Sunday, 12 October 2008

Little known facts about Moon


1. The Moon was created when a rock the size of Mars slammed into Earth, shortly after the solar system began forming about 4.5 billion years ago.

2. More than 400 trees on Earth came from the Moon. Well, okay: They came from lunar orbit. Okay, the truth: In 1971, Apollo 14 astronaut Stuart Roosa took a bunch of seeds with him and, while Alan Shepard and Edgar Mitchell were busy sauntering around on the surface, Roosa guarded his seeds. Later, the seeds were germinated on Earth, planted at various sites around the country, and came to be called the Moon trees. Most of them are doing just fine.

3. The Moon's heavily cratered surface is the result of intense pummeling by space rocks between 4.1 billion and 3.8 billion years ago. The scars of this war, seen as
craters, have not eroded much for two main reasons: The Moon is not geologically very active, so earthquakes, volcanoes and mountain-building don't destroy the landscape as they do on Earth; and with virtually no atmosphere there is no wind or rain, so very little surface erosion occurs.

4. The Moon is Earth's only natural satellite. Right? Maybe not. In 1999, scientists found that a 3-mile- (5-kilometre-) wide asteroid may be caught in Earth's gravitational grip, thereby becoming a satellite of our planet. Cruithine, as it is called, takes 770 years to complete a horseshoe-shaped orbit around Earth, the scientists say, and it will remain in a suspended state around Earth for at least 5,000 years.

5. The Moon is not round (or spherical). Instead, it's shaped like an egg. If you go outside and look up, one of the small ends is pointing right at you. And the Moon's
centre of mass is not at the geometric centre of the satellite; it's about 1.2 miles (2 kilometres) off-centre.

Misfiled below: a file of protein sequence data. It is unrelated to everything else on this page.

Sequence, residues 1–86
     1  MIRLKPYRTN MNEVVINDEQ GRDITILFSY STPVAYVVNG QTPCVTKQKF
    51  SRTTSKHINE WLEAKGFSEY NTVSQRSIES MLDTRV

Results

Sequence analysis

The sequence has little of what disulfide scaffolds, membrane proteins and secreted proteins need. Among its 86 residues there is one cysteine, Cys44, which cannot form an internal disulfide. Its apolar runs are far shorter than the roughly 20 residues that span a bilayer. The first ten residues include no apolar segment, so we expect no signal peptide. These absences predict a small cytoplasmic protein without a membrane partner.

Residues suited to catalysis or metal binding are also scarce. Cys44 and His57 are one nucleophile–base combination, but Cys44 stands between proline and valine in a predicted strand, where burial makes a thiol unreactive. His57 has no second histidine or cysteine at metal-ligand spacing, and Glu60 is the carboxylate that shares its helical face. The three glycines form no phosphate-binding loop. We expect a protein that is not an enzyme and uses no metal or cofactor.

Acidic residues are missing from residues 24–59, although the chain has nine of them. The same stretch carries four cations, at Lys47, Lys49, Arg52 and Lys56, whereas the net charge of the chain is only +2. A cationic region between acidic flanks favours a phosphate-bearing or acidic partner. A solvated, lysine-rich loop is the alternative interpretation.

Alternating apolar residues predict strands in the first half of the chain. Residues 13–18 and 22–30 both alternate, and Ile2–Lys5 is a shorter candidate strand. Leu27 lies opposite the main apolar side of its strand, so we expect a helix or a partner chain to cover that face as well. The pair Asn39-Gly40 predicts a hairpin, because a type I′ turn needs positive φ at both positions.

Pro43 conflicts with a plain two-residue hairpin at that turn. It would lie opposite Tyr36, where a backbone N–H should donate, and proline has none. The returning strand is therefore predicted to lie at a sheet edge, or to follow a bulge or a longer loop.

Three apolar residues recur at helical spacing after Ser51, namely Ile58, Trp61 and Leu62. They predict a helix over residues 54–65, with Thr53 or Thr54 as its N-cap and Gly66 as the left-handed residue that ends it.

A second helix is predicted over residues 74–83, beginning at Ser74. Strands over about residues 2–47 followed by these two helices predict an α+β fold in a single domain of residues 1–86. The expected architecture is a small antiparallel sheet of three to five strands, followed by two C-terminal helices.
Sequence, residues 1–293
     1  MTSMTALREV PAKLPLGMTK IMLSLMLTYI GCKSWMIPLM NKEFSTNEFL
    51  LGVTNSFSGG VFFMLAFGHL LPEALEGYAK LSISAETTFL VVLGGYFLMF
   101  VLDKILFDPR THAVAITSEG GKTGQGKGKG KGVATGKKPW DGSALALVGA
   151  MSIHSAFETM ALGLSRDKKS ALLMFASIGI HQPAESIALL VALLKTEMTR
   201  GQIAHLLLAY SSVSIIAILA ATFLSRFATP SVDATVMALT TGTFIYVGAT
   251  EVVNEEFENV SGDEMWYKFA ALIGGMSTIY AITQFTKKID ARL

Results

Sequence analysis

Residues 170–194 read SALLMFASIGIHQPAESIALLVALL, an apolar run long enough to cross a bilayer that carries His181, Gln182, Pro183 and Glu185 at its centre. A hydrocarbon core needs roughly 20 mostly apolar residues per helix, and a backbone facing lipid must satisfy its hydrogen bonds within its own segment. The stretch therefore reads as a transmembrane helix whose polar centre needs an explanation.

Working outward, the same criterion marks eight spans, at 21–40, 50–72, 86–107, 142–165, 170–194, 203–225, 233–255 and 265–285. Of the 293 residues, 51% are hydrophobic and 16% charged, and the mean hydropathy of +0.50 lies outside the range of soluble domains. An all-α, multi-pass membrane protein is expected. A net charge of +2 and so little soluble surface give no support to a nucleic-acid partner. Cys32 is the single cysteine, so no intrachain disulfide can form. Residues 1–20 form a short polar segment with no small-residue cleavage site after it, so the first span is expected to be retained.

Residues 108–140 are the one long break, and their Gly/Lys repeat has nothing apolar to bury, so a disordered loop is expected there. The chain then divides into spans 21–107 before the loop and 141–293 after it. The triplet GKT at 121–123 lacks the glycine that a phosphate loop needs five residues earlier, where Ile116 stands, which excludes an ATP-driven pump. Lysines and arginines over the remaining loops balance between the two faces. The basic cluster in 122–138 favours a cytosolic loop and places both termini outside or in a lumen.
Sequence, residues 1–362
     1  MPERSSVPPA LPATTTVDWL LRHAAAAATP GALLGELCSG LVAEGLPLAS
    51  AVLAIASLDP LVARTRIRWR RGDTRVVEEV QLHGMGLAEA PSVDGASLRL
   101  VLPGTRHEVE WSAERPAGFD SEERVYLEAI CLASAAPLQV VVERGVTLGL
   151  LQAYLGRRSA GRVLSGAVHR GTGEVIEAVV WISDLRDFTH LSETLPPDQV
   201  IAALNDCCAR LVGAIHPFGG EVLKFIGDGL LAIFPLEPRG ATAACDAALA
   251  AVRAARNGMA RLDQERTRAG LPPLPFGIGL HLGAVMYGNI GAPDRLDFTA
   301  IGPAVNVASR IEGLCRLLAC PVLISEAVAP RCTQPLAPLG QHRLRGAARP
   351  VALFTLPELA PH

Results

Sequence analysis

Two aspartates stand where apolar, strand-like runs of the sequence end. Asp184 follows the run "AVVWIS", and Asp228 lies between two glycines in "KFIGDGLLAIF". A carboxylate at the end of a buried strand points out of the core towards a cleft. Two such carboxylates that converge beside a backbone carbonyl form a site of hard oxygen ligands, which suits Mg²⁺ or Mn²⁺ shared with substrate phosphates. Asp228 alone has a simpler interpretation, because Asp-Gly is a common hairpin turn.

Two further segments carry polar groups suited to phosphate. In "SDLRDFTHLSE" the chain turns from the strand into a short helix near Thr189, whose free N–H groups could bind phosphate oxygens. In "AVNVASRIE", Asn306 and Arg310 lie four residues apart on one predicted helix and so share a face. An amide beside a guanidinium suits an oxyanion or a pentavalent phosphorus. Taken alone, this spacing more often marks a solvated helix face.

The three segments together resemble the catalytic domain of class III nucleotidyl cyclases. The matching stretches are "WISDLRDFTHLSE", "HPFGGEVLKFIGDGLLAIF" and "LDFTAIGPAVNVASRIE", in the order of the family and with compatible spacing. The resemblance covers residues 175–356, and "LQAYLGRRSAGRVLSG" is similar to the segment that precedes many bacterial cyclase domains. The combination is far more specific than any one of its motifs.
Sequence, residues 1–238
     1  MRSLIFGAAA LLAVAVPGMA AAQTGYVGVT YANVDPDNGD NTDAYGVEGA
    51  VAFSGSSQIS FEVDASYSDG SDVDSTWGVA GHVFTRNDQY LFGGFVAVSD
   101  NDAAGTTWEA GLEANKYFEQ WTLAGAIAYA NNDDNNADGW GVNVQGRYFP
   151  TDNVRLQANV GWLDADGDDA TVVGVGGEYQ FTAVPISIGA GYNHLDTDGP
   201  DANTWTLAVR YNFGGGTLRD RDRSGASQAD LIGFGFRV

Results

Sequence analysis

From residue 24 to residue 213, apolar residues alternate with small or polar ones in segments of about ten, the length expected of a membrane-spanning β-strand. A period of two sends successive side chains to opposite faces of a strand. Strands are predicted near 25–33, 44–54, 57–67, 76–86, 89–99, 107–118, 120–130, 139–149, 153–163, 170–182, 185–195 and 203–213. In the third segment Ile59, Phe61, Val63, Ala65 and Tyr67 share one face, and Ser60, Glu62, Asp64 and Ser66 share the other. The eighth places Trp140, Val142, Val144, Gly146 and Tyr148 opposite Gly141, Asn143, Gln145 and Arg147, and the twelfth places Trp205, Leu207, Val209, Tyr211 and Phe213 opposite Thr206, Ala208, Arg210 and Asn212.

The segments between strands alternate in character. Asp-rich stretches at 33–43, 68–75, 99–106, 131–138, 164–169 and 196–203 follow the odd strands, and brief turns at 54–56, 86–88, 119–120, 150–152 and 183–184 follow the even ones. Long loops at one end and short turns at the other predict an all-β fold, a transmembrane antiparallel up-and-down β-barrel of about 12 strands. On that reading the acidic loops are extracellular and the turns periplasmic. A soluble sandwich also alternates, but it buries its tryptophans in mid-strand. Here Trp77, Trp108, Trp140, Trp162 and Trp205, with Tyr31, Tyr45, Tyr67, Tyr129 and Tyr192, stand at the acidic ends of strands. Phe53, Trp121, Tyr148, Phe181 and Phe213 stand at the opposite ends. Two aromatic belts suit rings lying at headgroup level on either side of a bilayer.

6. Apollo astronauts used seismometers during their visits to the Moon and discovered that the gray orb isn't a totally dead place, geologically speaking. Small
moonquakes, originating several miles (kilometres) below the surface, are thought to be caused by the gravitational pull of Earth. Sometimes tiny fractures appear at the surface, and gas escapes. Scientists say they think the Moon probably has a core that is hot and perhaps partially molten, as is Earth's core. But data from NASA's Lunar Prospector spacecraft showed in 1999 that the Moon's core is small -- probably between 2 percent and 4 percent of its mass. This is tiny compared with Earth, in which the iron core makes up about 30 percent of the planet's mass.

7. Our Moon is bigger than Pluto. And at roughly one-fourth the diameter of Earth, some scientists think the Moon is more like a planet. They refer to the Earth-Moon system as a "double planet." Pluto and its moon Charon are also called a double-planet system by some.

8. As you read this, the Moon is moving away from us. Each year, the Moon steals some of Earth's rotational energy, and uses it to propel itself about 3.8
centimetres higher in its orbit. Researchers say that when it formed, the Moon was about 14,000 miles (22,530 kilometres) from Earth. It's now more than 280,000 miles, or 450,000 kilometres away.

(Courtesy: Space.com)

1 comment:

Sastry said...

Moon is as enigmatic as before. The more we discover it the more is left to be discovered.

P Rama Sastry
Visakhapatnam

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